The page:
It's really hard to see our writing with professional detachment, but we all know our feelings about coffee, Pepsi, and spaghetti sauce.
It all comes down to taste.
Your manuscript cannot be the perfect Pepsi. There is no perfect Pepsi. There are only perfect Pepsis.
Intrigued? Watch and see why your book can't, and shouldn't, be loved by all your crit partners, all agents, the whole general public.
Take it away, Malcolm Gladwell!
Can't view Malcolm's talk: Choice, Happiness and Spaghetti Sauce? Watch it here.
1. People don't know what they want, but it is our job as writers to give it to them anyway. :)
2. "There is no perfect mustard or imperfect mustard. There are only different kinds of mustards that suit different kinds of people." Once you have perfected your manuscript, there will be crit partners/agents/readers, who don't like it. It doesn't mean that your manuscript isn't awesome.
It may mean that your manuscript is old world tomato sauce, and that the people you have been showing it to prefer spaghetti sauce with tons of visible solids. :) Your job as a writer is to use all your clues to find the crit partners/agents/readers who prefer the taste of spaghetti sauce with visible solids and see what they think of your manuscript.
We don't have the time to create different versions of our manuscripts. So we need to be specific when we search for our audience.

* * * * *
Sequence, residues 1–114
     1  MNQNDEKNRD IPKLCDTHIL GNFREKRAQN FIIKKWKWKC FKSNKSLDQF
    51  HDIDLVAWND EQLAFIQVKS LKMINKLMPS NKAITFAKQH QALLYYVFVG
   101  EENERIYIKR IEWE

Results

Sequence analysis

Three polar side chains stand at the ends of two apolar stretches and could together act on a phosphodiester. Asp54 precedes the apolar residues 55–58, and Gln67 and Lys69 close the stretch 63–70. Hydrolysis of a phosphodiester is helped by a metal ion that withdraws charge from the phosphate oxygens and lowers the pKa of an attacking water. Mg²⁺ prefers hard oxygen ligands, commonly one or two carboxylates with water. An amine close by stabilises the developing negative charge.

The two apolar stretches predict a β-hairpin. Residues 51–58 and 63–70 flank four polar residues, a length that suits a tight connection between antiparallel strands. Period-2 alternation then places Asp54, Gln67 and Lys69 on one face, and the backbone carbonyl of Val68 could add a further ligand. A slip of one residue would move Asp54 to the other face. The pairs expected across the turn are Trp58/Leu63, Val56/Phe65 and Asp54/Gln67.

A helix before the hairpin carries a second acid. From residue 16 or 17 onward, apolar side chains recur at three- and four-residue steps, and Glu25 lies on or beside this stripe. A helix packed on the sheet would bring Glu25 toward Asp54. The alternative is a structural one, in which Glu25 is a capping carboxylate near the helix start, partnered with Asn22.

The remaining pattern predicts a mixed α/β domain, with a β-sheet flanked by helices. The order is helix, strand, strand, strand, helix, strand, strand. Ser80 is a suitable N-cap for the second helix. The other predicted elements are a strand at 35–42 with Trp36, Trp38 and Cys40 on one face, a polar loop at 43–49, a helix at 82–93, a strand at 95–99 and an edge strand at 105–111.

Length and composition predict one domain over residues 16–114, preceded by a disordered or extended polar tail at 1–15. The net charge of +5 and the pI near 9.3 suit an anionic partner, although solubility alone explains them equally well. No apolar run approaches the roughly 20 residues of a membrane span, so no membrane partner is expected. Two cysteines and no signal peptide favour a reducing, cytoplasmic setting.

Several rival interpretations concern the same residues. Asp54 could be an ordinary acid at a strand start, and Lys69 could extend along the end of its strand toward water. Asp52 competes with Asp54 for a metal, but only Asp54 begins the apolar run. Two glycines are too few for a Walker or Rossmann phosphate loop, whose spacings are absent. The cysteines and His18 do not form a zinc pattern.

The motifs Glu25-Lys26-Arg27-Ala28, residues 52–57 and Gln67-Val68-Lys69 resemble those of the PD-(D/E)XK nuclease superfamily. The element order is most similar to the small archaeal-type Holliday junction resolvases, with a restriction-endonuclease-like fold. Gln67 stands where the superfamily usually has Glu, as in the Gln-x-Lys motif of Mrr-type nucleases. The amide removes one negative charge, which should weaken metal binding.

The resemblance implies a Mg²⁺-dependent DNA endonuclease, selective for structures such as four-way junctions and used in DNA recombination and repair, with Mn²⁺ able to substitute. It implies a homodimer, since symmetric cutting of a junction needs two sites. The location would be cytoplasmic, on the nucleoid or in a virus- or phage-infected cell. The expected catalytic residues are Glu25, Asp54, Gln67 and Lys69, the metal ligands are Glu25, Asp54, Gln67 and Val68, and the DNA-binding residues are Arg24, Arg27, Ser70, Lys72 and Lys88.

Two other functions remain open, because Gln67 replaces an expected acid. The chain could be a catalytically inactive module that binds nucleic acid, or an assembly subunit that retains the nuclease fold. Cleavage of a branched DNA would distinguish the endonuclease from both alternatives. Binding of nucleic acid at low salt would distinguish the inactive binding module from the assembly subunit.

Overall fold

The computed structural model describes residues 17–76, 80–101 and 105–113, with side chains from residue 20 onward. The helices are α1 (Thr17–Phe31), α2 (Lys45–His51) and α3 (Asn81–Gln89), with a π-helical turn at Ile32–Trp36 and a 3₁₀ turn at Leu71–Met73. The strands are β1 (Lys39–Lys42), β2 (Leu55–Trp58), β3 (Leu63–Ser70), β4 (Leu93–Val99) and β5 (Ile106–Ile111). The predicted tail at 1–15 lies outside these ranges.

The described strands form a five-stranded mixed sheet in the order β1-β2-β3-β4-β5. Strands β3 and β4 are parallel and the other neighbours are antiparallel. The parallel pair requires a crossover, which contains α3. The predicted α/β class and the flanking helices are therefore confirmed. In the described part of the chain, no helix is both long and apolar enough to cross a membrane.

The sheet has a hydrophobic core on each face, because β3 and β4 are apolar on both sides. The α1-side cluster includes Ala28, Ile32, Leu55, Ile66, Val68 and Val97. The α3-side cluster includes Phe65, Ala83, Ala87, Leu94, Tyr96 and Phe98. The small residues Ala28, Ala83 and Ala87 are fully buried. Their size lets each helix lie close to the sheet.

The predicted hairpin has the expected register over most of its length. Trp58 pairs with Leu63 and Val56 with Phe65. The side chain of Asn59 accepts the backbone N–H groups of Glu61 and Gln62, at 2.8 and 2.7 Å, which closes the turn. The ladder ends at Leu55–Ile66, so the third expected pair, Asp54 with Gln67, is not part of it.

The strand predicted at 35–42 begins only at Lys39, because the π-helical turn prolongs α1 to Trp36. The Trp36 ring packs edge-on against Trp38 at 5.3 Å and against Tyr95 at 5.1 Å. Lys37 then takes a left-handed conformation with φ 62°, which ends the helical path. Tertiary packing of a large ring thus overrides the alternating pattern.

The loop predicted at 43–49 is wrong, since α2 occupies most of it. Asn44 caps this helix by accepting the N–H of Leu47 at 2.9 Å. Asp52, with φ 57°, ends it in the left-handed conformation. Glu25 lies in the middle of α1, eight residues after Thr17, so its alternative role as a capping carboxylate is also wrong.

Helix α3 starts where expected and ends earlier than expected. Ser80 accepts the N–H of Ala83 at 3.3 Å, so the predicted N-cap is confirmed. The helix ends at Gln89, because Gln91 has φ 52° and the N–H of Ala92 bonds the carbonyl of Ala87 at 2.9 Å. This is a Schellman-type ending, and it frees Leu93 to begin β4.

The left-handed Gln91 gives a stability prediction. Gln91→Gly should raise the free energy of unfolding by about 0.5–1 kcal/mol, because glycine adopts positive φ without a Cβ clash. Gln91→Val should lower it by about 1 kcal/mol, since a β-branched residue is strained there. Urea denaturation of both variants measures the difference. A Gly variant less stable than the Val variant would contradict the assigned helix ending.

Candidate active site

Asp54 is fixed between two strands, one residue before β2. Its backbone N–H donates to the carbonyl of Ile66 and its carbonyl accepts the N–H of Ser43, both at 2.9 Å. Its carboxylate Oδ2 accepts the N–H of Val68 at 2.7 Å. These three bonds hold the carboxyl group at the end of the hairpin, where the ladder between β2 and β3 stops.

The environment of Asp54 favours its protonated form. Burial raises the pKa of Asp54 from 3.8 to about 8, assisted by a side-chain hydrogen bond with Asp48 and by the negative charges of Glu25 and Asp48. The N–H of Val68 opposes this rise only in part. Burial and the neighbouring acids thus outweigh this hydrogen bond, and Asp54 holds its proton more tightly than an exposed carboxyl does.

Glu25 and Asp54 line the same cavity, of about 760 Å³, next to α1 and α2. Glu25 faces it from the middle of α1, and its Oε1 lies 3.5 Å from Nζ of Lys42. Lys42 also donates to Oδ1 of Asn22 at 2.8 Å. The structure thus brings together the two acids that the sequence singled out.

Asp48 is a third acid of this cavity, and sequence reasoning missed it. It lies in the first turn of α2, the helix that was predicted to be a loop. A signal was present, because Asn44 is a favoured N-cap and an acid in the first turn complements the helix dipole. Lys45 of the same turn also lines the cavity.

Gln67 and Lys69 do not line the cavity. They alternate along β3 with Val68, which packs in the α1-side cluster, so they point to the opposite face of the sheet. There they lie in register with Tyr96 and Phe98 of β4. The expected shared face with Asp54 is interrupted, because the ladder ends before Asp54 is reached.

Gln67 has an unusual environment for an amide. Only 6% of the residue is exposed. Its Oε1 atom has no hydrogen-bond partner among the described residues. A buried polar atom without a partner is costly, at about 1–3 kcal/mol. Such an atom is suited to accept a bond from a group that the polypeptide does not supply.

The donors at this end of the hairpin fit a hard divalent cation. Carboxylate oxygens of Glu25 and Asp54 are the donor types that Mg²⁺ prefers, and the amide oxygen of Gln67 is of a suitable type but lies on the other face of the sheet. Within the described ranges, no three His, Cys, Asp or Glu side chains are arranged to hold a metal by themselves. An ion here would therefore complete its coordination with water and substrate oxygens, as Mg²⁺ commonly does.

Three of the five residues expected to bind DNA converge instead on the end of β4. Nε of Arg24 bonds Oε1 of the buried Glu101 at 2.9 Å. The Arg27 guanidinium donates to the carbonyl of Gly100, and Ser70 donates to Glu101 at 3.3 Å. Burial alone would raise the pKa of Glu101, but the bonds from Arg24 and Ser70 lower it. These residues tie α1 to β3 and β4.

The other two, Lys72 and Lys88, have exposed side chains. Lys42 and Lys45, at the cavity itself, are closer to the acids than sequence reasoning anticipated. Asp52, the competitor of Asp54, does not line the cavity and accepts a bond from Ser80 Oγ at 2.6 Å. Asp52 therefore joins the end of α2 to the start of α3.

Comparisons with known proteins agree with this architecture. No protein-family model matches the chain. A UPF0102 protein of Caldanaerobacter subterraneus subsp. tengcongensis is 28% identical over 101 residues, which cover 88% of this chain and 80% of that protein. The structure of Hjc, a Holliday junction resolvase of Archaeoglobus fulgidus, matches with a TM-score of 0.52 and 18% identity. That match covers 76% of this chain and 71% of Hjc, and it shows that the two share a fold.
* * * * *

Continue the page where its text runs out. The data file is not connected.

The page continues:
I have to add a personal caveat here--and that's that I do find value in receiving a crit from someone who doesn't read in my genre. As long as I know their tastes going in, it is extremely useful to me to hear their feedback.
3. It's all about taste. I know this on some level and have been told this in different ways along my career. But comparing books to food REALLY brings this idea home to me. We need to study and embrace human variability--embrace the diversity--in order to find the fans which will love the taste of our book. I don't want to write a book which appeals in a mediocre way to all. I want to create a book which is loved by some.
So, what do you think? Does this idea make it easier to think, when facing a rejection from an agent, that that agent prefers the taste of Pepsi and your manuscript is a Coke?
(Of course we need to make sure our Coke is the best tasting Coke it can be.)
What are your takeaways from this TED talk? What do you do when you are faced with a crit from someone who clearly doesn't like your book? How do you find your true audience? How do you handle the querying process? How do you deal with the rejections?
I will be the first to admit that I love weak, milky coffee (preferably with a nutty flavor).
I'm so hungry for some spaghetti smothered in garlic mushroom Prego sauce. I think I'll go make some. :)